β-catenin is negatively controlled by GSK3β, which can be inhibited by ERK1/2 MAPK. In our previous study [14], we showed that the nuclear expression and transcriptional activity of β-catenin were increased by inhibitory phosphorylation of GSK-3β at Ser 9 by FasL-induced ERK1/2 MAPK signaling. These facts suggest that FasL promote P-gp expression via the Fas- ERK1/2-GSK3β- β-catenin signaling axis. Indeed, we found that exogenous expression of GSK-3β S9A mutant, which can’t be inactivated by phosphorylation at Ser9, partially prevented the FasL-induced changes of P-gp expression (Supplementary information, Figures S3A, S3B and S3C), chemoresistance (Supplementary information, Figures S3D, S3E and S3F) and P-gp promoter activity (Supplementary information, Figures S3G, S3H and S3I) in GI cancer cells. These results indicate P-gp expression is also controlled by GSK-3β that is inhibited by FasL-induced ERK1/2 MAPK signaling.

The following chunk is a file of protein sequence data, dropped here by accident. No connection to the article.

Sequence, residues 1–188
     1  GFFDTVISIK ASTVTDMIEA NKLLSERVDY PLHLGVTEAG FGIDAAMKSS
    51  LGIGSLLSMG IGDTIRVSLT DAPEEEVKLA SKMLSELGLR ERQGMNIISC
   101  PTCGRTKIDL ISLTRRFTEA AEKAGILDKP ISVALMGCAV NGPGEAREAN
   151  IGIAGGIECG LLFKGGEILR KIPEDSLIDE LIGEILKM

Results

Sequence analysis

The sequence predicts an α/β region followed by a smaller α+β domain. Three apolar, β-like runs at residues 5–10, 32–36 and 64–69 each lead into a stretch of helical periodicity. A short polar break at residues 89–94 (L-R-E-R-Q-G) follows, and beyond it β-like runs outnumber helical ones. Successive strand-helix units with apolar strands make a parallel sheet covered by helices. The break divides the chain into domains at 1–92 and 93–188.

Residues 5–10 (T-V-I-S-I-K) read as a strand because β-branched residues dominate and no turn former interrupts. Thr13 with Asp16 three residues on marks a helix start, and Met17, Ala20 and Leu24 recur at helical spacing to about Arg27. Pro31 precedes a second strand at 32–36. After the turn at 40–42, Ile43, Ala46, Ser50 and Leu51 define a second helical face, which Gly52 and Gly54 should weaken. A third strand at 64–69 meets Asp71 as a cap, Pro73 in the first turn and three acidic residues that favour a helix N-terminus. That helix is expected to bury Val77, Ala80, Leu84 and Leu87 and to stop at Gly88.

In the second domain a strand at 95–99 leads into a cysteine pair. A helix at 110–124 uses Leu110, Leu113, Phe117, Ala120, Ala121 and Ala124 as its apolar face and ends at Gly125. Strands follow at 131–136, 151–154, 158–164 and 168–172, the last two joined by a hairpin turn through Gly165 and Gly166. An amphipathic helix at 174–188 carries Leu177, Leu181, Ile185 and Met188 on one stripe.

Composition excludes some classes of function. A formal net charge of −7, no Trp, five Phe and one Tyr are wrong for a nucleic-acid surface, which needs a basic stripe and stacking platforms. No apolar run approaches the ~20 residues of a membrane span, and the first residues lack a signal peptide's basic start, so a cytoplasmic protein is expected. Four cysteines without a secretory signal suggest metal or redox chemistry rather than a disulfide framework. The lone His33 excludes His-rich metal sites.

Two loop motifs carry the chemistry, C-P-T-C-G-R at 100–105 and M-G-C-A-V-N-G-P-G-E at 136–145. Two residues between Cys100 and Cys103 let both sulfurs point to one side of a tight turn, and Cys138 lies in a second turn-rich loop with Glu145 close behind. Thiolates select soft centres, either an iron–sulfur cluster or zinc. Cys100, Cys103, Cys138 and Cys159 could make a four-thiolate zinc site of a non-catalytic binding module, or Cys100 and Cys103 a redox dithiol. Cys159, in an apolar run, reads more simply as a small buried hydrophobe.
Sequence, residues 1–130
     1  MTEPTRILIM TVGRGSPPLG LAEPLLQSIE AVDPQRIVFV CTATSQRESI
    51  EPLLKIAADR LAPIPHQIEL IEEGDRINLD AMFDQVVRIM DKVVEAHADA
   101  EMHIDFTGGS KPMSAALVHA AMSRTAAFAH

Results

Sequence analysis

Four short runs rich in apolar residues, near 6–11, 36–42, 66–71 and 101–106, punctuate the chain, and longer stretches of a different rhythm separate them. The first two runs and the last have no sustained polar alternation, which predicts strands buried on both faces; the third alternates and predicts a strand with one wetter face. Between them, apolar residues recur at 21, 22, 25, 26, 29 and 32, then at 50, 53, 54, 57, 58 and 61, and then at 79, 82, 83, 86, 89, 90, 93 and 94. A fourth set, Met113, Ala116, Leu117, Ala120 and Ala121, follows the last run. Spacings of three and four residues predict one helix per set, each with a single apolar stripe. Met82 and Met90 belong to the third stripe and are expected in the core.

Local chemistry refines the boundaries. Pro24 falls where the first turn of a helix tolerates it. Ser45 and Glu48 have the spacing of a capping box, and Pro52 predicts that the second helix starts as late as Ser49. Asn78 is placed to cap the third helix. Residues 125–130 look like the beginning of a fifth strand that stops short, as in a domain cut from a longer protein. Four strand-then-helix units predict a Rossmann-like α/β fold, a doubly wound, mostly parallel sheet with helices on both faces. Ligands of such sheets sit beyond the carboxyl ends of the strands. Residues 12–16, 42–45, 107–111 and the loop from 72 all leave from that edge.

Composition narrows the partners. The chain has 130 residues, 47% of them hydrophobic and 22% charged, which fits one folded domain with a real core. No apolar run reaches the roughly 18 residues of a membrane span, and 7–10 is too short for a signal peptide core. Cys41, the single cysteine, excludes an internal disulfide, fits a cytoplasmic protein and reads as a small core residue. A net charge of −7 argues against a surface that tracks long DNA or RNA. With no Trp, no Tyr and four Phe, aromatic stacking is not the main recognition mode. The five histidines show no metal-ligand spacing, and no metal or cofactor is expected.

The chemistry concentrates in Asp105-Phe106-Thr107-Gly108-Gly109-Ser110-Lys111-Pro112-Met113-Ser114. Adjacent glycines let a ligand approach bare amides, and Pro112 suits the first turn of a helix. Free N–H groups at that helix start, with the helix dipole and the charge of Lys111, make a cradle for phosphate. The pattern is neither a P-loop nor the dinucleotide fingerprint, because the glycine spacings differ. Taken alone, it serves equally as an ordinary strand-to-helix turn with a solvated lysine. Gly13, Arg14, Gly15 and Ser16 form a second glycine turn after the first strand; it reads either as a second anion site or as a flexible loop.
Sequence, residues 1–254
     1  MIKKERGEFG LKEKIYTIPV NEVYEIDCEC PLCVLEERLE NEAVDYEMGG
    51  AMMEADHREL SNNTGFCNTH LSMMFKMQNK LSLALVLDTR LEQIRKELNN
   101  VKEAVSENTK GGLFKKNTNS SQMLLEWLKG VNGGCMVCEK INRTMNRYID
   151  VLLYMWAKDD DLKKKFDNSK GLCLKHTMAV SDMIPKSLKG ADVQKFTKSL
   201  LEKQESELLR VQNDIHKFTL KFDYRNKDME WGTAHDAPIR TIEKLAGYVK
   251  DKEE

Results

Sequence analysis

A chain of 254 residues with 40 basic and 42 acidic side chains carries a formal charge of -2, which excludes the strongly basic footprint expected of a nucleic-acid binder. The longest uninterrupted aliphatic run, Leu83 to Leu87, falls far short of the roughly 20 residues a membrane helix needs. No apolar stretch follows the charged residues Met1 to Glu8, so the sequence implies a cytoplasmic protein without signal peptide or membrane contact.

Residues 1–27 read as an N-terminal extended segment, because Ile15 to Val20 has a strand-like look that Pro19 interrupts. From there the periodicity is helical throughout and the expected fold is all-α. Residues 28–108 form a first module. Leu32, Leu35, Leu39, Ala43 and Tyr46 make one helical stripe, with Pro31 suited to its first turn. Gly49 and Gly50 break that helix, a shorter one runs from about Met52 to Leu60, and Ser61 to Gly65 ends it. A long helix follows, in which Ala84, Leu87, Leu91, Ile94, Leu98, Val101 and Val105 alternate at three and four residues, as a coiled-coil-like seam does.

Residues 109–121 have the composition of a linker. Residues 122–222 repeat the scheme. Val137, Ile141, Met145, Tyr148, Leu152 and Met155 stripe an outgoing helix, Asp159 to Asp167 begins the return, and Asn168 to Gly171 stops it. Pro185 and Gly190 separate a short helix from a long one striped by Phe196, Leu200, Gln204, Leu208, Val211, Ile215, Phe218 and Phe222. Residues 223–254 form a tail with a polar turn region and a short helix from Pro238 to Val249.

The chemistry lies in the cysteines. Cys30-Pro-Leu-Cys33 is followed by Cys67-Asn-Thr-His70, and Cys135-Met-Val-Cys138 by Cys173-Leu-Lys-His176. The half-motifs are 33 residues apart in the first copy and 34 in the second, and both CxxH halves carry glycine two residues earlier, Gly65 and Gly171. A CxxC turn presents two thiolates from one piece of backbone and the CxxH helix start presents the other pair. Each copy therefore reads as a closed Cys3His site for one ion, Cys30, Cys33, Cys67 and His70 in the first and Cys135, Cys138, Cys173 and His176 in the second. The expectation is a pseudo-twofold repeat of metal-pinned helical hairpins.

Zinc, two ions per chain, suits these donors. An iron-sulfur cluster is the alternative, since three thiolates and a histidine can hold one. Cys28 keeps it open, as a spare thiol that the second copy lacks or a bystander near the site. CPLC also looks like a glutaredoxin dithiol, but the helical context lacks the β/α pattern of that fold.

In order to investigate whether Fas signaling promotes P-gp expression by upregulating nuclear β-catenin expression in vivo, fresh GI cancer samples were analyzed by immunohistochemistry and immunoblot. With the progression of tumorigenesis, enhanced nuclear staining of β-catenin was observed in both CRC (Figure 5A) and GC (Figure 5B, Supplementary information, Tables S5 and S6). Similarly, apparently increased protein levels of β-catenin were detected in the later stages of CRC (Figures 5C, Supplementary information, Figure S2E) and GC (Figures 5D, Supplementary information, Figure S2F). Most importantly, a positive correlation between β-catenin and FasL or P-gp was observed according to the ranking by immunohistochemistry (Supplementary information, Tables S7 and S8). Moreover, when β-catenin and P-gp were combined in accordance with the ranking by the data from immunohistochemistry, patients with higher expression (++/+++) of both β-catenin and P-gp showed worse prognosis than patients with lower expression (-/+) in CRC (Figure 5E) and GC (Figure 5F). Thus, Fas activation may promote P-gp expression at least partially through nuclear β-catenin activity in GI cancer.